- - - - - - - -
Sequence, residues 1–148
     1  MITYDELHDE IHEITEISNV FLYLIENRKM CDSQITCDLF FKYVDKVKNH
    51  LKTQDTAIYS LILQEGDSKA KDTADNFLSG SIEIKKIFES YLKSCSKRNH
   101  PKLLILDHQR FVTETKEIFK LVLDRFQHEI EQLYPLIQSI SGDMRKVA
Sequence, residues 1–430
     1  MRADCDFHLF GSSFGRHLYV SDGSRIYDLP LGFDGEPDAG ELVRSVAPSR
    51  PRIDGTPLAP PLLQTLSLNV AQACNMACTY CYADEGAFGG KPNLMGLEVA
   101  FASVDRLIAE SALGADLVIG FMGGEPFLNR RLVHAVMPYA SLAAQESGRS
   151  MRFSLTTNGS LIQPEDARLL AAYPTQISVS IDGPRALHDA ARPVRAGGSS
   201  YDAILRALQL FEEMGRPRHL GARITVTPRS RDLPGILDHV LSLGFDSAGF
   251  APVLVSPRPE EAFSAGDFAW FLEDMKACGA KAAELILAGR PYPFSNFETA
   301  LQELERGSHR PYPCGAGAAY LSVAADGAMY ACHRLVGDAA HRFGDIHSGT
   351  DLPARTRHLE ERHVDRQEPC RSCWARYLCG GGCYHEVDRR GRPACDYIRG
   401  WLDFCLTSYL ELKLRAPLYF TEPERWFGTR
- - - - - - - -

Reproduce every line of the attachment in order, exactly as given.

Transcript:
Sequence, residues 1–148
     1  MITYDELHDE IHEITEISNV FLYLIENRKM CDSQITCDLF FKYVDKVKNH
    51  LKTQDTAIYS LILQEGDSKA KDTADNFLSG SIEIKKIFES YLKSCSKRNH
   101  PKLLILDHQR FVTETKEIFK LVLDRFQHEI EQLYPLIQSI SGDMRKVA
Sequence, residues 1–430
     1  MRADCDFHLF GSSFGRHLYV SDGSRIYDLP LGFDGEPDAG ELVRSVAPSR
    51  PRIDGTPLAP PLLQTLSLNV AQACNMACTY CYADEGAFGG KPNLMGLEVA
   101  FASVDRLIAE SALGADLVIG FMGGEPFLNR RLVHAVMPYA SLAAQESGRS
   151  MRFSLTTNGS LIQPEDARLL AAYPTQISVS IDGPRALHDA ARPVRAGGSS
   201  YDAILRALQL FEEMGRPRHL GARITVTPRS RDLPGILDHV LSLGFDSAGF
   251  APVLVSPRPE EAFSAGDFAW FLEDMKACGA KAAELILAGR PYPFSNFETA
   301  LQELERGSHR PYPCGAGAAY LSVAADGAMY ACHRLVGDAA HRFGDIHSGT
   351  DLPARTRHLE ERHVDRQEPC RSCWARYLCG GGCYHEVDRR GRPACDYIRG
   401  WLDFCLTSYL ELKLRAPLYF TEPERWFGTR